# How can the Bloch sphere, built from one complex dimension, specify 2-complex dimensional Pauli spinors?

Two-component spinors can be identified with points on the surface of the Bloch Sphere. The Bloch sphere is constructed from the 1-complex-dimensional complex plane plus the point at infinity.

How does the Bloch Sphere represent two complex components?

It is probably most natural to identify the points of Bloch sphere with density matrices representing pure states of a spinor (two-level system). Arbitrary density matrix of a two-level system can be written as $$\hat{\rho} = \frac{1}{2} + \frac{1}{2}(\vec{\rho},\vec{\sigma}),$$ where $$\vec{\sigma} = (\sigma_x,\sigma_y,\sigma_z)$$, and $$\vec\rho$$ is a real 3-component vector with $$|\vec\rho| \le 1$$. The density matrix represents a pure state if and only if $$|\vec\rho| = 1$$, otherwise, the state is mixed.

Let me show how pure spinor states are mapped to a sphere. Arbitrary wavefunction of a two-level system can be written as $$|\psi\rangle = a|\uparrow\rangle + b |\downarrow\rangle,$$ where $$a$$ and $$b$$ are two complex numbers, as you wrote in the question. However, physical quantum states also

1. have norm unity, so $$|a|^2 + |b|^2 = 1$$
2. can be multiplied by arbitrary phase: $$|\psi\rangle \to e^{i\phi}|\psi\rangle$$.

So, the number of degrees of freedom representing the spinor reduces from $$4$$ (two arbitrary complex numbers) to $$2$$. The explicit parametrization can be chosen as $$a = \cos{\frac{\theta}{2}}e^{-i\phi/2},$$ $$b = \sin{\frac{\theta}{2}}e^{i\phi/2}.$$ The density matrix reads $$\rho = \left(\begin{matrix} a\\ b \end{matrix}\right) \begin{matrix} (a^* & b^*)\\ & \end{matrix}= \left(\begin{matrix} \cos^2\frac{\theta}{2} & \sin\frac{\theta}{2}\cos{\frac{\theta}{2}}e^{-i\phi}\\ \sin\frac{\theta}{2}\cos{\frac{\theta}{2}}e^{i\phi} & \cos^2\frac{\theta}{2} \end{matrix}\right) \\= \frac{1}{2} + (\vec{a},\vec{\sigma}),$$ where $$\vec{a} = \left( \begin{matrix}\sin{\theta}\cos{\phi},\\ \sin{\theta}\sin{\phi}, \\\cos\theta\end{matrix}\right).$$ We see that $$\vec{a}$$ is indeed a vector on a unit sphere, where $$\theta$$ and $$\phi$$ are polar angle and azimuthal angle respectively.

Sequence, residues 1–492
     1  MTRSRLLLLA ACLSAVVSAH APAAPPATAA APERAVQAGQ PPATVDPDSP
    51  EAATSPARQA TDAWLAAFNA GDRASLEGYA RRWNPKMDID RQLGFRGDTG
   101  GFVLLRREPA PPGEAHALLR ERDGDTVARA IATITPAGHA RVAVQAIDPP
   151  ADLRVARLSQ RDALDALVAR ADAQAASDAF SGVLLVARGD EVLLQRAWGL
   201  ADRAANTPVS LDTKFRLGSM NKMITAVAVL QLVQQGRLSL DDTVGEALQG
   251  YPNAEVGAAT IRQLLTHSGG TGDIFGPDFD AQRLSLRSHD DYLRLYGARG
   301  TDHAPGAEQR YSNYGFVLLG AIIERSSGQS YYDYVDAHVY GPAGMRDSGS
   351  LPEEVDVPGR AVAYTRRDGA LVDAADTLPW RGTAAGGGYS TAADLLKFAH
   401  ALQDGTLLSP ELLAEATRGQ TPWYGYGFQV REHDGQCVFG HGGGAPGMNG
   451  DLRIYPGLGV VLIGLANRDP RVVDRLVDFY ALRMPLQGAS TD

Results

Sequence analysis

• Thank you for your clear answer, E. Incidentally, although your answer started from density matrices, it also surprised me that it confirmed the logic and correctness of an answer to the exact same question that I obtained first from ChatGPT4o. Commented Jul 4 at 18:08
• Well, I used ChatGPT in no way, I used Wikipedia instead :) I'm glad that ChatGPT also gave a good answer. Commented Jul 5 at 6:02
• Though one always has to watch out for erroneous LLM/ChatGPT replies, I've found it surprisingly helpful in some areas, especially in combination with Wikipedia: In medicine it clarified a radiologist's impenetrable MRI report, helping me negotiate and undergo a spine operation recently; and also led to an accepted answer elsewhere on Physics SE. According to the Economist magazine (June 29th 2024, p. 70), ChatGPT or similar is contributing to the writing of a significant percentage of academic publications nowadays - but not without risks... Commented Jul 6 at 12:34
• PS @Moderators - Although not involved directly in the answer above, I only became aware of the Physics-SE policy regarding no-use of LLMs subsequently. If it was announced publicly, I failed to notice it at the time. Mea culpa - mea maxima culpa Commented Jul 10 at 13:32
• LLMs answers should be based on good SE answers, not vice versa. Commented Jul 10 at 15:58

E.Anikin's answer explains lucidly how the spinor has two degrees of freedom. A simple way to look the map between the complex plane and the Bloch sphere it is that one complex dimension is equivalent to two real dimensions (one for each of the real and imaginary components). The two degrees of freedom in the complex plane translate to the two angles (equatorial and azimuthal) which act as coordinates on the Bloch sphere.

• Thank you for your intuitive answer CompassBearer. It seems surprising, at first, that a 2-complex component spinor can be represented by just two real numbers, until @E.Anikin explains the d.o.f. reduction. So, it's due to the combination of the normalisation (in effect defining the Bloch sphere's surface) and the ray-representation of |ψ⟩. Commented Jul 4 at 17:53